Weigh the Pros and Cons of Outsourced Billing
Physicians and practice managers may sometimes feel like they are running after dimes and nickels. However, the cost of collecting those coins can quickly add up, especially if you do not have an efficient billing system, which is why some medical practices decide to outsource their billing.
Consider the following most common outsourcing pros and cons when making your decision:
Provides professional billing performance. The billing company creates core competencies, such as coding properly, meeting compliance standards, credentialing accurately, and applying necessary updates, to help the practice achieve its desired success, says Tim Anderson, owner of ACS, a billing and collections firm in Lafayette, LA.
Limits hiring and training. The benefit of hiring an experienced billing company is that it limits the amount of staff members needed to fulfill each task, says Owen Dahl, owner of Owen Dahl Consulting in New Orleans. Also, less training is required for staff members to learn new billing software or understand payer contracts.
Maintains consistent flow. The billing company can instill better relationships between payers and patients to ensure bills are paid. For example, staff members don't send billing information; they do not have to call insurance companies to ask questions about each patient's account or send out reminder letters to patients to pay their bill.
Lessens the need for technology upgrades. The practice avoids the hassle of installing new software systems that may be costly and time-consuming.
Allows less control. You no longer have direct access to your patients' or payers' billing accounts, says Donna Lupinski, billing manager at Physicians to Women in Stuart, FL.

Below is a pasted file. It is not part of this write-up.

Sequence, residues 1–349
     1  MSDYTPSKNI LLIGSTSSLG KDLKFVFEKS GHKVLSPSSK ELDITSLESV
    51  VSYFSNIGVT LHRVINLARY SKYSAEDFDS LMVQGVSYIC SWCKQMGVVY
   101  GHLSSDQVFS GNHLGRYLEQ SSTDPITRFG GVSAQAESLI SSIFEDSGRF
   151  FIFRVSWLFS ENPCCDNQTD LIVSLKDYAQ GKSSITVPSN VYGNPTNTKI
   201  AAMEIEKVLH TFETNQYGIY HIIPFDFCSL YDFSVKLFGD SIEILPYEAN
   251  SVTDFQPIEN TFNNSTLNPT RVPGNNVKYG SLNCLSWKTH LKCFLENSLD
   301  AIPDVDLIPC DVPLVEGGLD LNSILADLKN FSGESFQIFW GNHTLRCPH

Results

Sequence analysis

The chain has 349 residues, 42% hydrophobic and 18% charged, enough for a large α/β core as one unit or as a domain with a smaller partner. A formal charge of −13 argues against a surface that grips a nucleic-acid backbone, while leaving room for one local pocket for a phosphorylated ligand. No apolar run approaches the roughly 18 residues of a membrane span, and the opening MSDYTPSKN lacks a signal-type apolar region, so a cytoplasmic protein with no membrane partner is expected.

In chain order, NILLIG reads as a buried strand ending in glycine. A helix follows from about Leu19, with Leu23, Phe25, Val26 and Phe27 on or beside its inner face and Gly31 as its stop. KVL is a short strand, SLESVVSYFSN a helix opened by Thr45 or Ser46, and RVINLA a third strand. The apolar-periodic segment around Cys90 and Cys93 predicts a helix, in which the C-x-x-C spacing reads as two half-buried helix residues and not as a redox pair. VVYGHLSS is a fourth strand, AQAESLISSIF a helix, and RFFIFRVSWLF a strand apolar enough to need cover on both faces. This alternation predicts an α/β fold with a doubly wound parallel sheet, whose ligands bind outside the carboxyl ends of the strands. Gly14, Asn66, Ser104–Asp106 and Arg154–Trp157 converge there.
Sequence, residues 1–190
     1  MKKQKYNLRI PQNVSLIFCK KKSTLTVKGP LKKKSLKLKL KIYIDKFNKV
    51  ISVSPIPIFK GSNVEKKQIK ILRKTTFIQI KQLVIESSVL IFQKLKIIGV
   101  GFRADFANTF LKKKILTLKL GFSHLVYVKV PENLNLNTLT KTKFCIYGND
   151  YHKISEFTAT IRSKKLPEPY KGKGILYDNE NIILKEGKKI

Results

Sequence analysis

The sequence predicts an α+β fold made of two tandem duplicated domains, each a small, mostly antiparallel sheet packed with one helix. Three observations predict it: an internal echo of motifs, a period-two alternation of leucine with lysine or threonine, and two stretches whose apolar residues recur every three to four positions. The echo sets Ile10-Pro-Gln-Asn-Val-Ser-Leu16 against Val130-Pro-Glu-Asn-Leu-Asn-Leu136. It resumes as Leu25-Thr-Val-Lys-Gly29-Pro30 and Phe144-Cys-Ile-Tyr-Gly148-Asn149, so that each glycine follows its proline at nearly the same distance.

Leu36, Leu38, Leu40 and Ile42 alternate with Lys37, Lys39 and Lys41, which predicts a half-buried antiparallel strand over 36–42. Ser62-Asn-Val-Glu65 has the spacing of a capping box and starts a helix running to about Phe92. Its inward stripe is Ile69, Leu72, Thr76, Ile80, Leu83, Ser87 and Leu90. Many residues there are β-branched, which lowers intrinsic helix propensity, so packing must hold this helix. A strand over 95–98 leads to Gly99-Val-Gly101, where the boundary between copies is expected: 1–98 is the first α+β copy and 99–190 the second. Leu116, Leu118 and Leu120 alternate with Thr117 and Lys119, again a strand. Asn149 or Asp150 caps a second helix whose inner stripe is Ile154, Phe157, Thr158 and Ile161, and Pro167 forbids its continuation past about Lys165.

You cannot see the statements before they go out to the patient, you cannot call or talk to them directly about the problem, and you cannot conduct a random audit to check on overall productivity. Also, there is no way to know whether the billing company is adequately processing, following up, and fully adjudicating patient claims, Dahl adds.
Limits access to data. You may not have full disclosure of all your patient collections or the ability to review billing reports. There isn't always electronic access to these files. The practice may not have a suitable billing contract from the company that details the specific billing services they will provide, Anderson says. For example, if a payer agrees to reimburse your practice 120% of Medicare, be sure the contract specifies the dollar amount.
Lacks solid partnership. The practice does not have the opportunity to develop a peer-to-peer relationship with the billing company the same way it would internally, Dahl says, making it harder to call and ask about a patient's bill or a denied claim.
Shannon Sousa is the editor of The Doctor's Office. She may be reached at Ssousa@hcpro.com. This story was adapted from one that first appeared in the June edition of The Doctor's Office, a publication by HealthLeaders Media.
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